La Jolla Cove is San Diego’s most desirable spot for kayaking, snorkeling and diving. The water is calm and ecologically protected, providing a safe home for colorful garibaldi, yellowtail, rays and even leopard sharks. Because the water is protected, surfboards, boogie boards and other floatation devices are not permitted. The beach itself is small, but nearby Scripps Park offers a nice grassy expanse for spreading out.
La Jolla Cove is the most scenic place in San Diego to paddleboard. We always set off from La Jolla Shores Beach by the lifeguard tower. There is a large parking lot right there that has plenty of parking early morning, but it fills up quickly. If you miss your chance to park in the lot, then you have to go into the residential area to find a spot. As with all paddling, we recommend going early. If you go out in the early morning before the lifeguards are on duty, you can launch further south, closer to the cove. Once the lifeguards are on duty, you will have to launch from the surf zone which usually starts right in front of the lifeguard tower. The surf usually small enough to be able to paddle out with ease, but there can be some large days. You can check the surf report for La Jolla Cove here: http://www.surfline.com/surf-report/la-jolla-shores-southern-california_4812/. Shuffle your feet, stingrays are common on the shores.
Stay on your knees through the waves and paddle out to the cove to the left. There is a dedicated swimming zone when you get close to the cliffs. Make sure to give the swimmers plenty of room. There will also be snorkelers, scuba divers, kayakers and sea lions to contend with. Visually, the cove is a breathtakingly gorgeous gem. Somewhat hidden with alluring curves and caves, it is often cited as the most photographed beach in San Diego. This ocean view’s striking beauty simply cannot be overstated.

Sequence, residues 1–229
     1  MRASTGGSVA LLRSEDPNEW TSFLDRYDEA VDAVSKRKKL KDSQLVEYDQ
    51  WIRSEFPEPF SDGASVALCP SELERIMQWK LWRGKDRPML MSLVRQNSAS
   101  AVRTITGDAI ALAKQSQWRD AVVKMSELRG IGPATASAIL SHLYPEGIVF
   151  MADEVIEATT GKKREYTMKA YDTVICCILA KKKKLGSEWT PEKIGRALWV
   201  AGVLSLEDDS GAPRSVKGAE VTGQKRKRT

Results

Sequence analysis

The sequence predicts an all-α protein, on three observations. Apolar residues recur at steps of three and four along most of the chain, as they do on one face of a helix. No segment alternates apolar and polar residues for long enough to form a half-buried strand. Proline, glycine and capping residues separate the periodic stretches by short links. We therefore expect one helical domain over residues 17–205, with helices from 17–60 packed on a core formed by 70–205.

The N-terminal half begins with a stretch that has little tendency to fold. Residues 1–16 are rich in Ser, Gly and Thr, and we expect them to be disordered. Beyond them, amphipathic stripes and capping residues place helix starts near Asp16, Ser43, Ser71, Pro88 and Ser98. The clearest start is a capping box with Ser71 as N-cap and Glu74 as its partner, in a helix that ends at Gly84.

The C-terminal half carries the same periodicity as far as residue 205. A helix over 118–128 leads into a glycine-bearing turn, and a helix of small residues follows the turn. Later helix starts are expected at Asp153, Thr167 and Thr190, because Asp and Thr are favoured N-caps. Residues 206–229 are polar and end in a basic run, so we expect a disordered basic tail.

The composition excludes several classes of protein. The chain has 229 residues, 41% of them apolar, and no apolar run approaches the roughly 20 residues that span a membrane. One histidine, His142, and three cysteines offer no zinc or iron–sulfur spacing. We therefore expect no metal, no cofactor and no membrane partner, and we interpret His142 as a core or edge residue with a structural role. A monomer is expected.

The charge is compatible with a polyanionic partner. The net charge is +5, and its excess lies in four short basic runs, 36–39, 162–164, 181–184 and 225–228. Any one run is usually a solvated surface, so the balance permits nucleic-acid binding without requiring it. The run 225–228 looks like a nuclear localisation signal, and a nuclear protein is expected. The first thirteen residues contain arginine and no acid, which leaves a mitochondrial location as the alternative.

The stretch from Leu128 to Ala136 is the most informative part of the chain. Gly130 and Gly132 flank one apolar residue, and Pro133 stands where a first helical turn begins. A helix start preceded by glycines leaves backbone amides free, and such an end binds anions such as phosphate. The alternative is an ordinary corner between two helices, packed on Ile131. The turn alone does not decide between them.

Going into the cave is tricky. It depends on the tide and waves on how safe it is to go inside. Some days are easy, some can be very dangerous. Please use caution if attempting to go in. Paddling into the cave is an adrenaline rush and beautiful at the same time.
When it is time to head back to the beach, use the lifeguard tower as your target. Stay to the north of the tower so that you do not go into the swimming zone. If the surf is large, it is smart to have a leash on so that you do not lose your board into someone.
There is a large grass area at La Jolla Shores to set your board down after getting out of the water. A great spot to collect your thoughts, clean off your board and get ready to load up for the trip home. We like to bring a gallon of tap water and a towel to clean off our boards.
This beach has bathroom and shower facilities and picnic areas. No alcohol or glass containers allowed, no overnight camping, and no smoking on the beach or adjacent areas. Please no litter or excessive noise. No dogs allowed after 9am. Dogs permitted after 4pm in the winter and after 6pm year round.